Monday, July 28, 2014

Celebrating Howard Gardner's Extraordinary Mind, Life, and Work (with a free book download)

Howard Gardner is the Hobbs Professor of Cognition and Education at the Harvard Graduate School of Education.


Howard Gardner has been identified by Foreign Policy and Prospect magazines as one of the 100 most important public intellectuals in the world today.  His work has fundamentally changed the way many people (and institutions) think about intelligence (with his theory of Multiple Intelligences), creativity, and education (to name just a few of the areas he has touched).


Happy Birthday, Howard!

Howard turned 70 last year.  To celebrate, his wife (Ellen Winner) and one of his former students (Mindy Kornhaber) hosted a Festschrift in his honor.  (A Festschrift – derived from the German for ‘celebration writing’ – is a collection of writings published in honor of a scholar.) They invited Howard’s teachers, peers, colleagues, and former students to contribute essays inspired by his work and his relationships with them.  One hundred and sixteen of Howard’s close colleagues contributed to the two-volume work, entitled Mind, Work, and Life: A Festschrift on the Occasion of Howard Gardner’s 70th Birthday. Each contribution includes a personal note from the contributor and a personal response from Howard.  Running 605 pages in length, this is quite a remarkable work, providing a unique and intimate portrait of this extraordinary man and his profound influence on some of the people who have worked most closely with him.


Mind, Life, and Work: A Festschrift on the Occasion of Howard Gardner's 70th Birthday

The complete two-volume Festschrift is available for free download as a PDF here, or if you prefer physical books you can buy it at cost from Amazon here.  Other options, including kindle versions of the two volumes, are listed here.

My contribution (starting on p. 223) is entitled, There’s More Than One Way to Bridge a Gap: On the Promise of Computational Neuroscience for Education.  I wrote it as a doctoral student in Education, soon after I took my first class with Howard.  At the time, I was just beginning to wrestle in earnest with the question: “How can scientific insights about the brain and mind help us make education better?”  As reflected in this essay, Howard’s teaching was instrumental in helping me frame the key issues in a new and more productive way, which I have continued to build on to this day.  If you are interested in the relationship between the brain and mind, or in how we might go about leveraging insights about the biology of learning to improve educational practice, you might find it interesting.  I look forward to reading your comments on that or anything else in the book.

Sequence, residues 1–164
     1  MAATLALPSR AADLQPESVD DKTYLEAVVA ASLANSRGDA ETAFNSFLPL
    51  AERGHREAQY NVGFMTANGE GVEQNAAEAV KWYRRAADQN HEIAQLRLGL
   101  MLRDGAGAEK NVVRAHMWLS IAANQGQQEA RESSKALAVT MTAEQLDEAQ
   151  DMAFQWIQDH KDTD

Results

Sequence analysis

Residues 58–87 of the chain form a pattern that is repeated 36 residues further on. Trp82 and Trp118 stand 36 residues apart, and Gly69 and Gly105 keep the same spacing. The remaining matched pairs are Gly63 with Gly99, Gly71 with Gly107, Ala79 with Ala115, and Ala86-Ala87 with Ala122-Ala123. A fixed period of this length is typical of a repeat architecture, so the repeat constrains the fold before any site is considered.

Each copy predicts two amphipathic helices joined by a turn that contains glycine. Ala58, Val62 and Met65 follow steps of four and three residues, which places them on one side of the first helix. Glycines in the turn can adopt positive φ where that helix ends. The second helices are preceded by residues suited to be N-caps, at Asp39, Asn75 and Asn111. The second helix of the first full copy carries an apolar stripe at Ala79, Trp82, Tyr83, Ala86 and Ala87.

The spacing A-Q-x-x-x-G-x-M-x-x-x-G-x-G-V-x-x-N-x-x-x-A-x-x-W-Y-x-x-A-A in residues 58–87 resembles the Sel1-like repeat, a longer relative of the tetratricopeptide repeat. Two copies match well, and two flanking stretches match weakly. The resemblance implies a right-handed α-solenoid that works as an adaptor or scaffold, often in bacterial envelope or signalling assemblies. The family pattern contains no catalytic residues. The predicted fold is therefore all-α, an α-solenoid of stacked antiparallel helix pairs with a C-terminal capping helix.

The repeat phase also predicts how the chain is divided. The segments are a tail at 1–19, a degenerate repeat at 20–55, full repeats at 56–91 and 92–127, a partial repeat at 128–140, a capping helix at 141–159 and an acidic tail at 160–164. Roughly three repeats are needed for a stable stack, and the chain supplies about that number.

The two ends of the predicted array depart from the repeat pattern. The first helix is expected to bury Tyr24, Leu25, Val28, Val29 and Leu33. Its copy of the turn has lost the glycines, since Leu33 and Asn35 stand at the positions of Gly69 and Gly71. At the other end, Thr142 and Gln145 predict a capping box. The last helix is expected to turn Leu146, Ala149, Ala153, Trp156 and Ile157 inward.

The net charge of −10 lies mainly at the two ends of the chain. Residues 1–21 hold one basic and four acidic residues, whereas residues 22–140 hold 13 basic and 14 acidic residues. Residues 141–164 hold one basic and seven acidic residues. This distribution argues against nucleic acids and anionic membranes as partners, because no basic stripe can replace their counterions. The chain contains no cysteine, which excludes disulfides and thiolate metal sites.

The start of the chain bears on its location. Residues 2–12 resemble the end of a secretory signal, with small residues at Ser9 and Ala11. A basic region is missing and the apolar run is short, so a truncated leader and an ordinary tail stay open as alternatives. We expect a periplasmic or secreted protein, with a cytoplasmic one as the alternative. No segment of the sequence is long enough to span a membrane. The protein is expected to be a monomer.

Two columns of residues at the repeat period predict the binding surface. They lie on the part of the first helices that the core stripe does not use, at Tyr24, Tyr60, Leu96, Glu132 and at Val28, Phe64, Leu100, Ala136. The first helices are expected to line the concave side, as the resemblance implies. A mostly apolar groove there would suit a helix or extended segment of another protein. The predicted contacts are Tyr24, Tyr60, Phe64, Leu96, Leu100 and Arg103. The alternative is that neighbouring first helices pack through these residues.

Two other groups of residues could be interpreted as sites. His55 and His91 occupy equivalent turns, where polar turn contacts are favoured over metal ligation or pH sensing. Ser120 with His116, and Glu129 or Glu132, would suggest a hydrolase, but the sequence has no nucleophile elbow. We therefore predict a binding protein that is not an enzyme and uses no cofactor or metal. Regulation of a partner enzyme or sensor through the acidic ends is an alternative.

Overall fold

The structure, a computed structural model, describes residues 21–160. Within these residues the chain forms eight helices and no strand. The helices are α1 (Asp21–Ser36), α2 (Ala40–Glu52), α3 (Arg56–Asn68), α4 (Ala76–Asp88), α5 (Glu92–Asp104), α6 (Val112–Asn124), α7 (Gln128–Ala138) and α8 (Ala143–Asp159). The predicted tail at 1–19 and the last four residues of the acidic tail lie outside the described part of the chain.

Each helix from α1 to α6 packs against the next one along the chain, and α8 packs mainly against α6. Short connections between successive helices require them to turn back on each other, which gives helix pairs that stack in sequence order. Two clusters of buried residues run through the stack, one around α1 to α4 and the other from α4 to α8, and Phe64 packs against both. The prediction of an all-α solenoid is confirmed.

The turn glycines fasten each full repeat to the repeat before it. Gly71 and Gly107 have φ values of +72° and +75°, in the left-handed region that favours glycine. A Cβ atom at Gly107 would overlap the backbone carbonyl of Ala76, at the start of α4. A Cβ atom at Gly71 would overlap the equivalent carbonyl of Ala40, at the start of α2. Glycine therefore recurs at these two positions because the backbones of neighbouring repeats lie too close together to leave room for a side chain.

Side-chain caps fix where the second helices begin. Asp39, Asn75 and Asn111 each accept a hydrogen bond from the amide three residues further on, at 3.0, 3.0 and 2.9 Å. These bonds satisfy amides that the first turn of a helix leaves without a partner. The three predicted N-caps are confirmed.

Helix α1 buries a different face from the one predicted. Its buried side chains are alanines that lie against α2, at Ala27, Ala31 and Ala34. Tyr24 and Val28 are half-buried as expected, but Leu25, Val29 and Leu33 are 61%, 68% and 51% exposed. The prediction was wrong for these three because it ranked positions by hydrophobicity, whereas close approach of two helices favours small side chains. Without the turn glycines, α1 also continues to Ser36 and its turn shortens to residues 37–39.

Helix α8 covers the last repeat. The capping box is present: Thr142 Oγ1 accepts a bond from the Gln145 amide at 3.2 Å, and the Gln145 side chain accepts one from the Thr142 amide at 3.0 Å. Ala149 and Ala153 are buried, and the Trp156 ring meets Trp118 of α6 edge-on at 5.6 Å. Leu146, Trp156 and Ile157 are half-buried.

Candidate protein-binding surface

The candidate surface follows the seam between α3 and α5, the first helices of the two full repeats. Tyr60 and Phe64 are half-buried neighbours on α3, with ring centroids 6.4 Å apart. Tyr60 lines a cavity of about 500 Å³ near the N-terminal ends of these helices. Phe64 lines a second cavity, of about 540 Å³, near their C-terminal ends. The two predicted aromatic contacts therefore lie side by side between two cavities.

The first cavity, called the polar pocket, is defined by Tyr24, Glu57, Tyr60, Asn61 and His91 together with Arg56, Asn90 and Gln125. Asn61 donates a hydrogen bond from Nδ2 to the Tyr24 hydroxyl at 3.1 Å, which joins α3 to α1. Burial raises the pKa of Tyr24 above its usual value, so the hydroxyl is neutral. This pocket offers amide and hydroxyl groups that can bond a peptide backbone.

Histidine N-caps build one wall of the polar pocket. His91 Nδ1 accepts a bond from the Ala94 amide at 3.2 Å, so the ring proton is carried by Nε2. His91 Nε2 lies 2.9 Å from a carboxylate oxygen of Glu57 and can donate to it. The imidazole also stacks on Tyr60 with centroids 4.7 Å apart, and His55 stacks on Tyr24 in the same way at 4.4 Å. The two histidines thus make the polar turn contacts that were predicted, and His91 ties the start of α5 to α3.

Enjoy!

2 comments:

  1. Thank you for posting this. It is rather coincidental that within a few hours time I finished reading Ron Berger’s “An Ethic of Excellence” and received this post. Ron is also one of the author’s in this book. In the context of how to measure impact, what kind of data to collect, Ron poses these questions (2033, p. 154): “How do I really know what I have done for these students? How do I know what my school has done for students in the long run? How does one measure something like this?...There may not be numbers to measure these things.” He continues to say that what he sees as relevant is taking pride in doing one’s best; an ethic of excellence. (p.154)

    We can never know the impact we have on our world. We do know we have an impact, for good or naught. It is impossible to put a number on how many lives have been changed by Dr. Gardner (or by those whose work is included in this book). I am grateful, however, for their work because it impacts me and the students I teach, those at risk, and their families. So to those of you who read this blog, thank you for the work you are doing, in whatever context. Do not become weary in the work you do, have faith that you are bringing about positive change, change you may never see.

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    Replies
    1. You're welcome, RG.

      That is an interesting coincidence.

      "Ethic of excellence" is an interesting phrase. Howard and his colleagues have been working on the "Good Work" Project (which may now be called the "Good Project"). The project purpose is:

      "The Good Project is a large scale effort to identify individuals and institutions that exemplify good work – work that is excellent in quality, socially responsible, and meaningful to its practitioners – and to determine how best to increase the incidence of good work in our society." http://www.thegoodproject.org/

      Berger's notion of an Ethic of Excellence seems to fit right in there.

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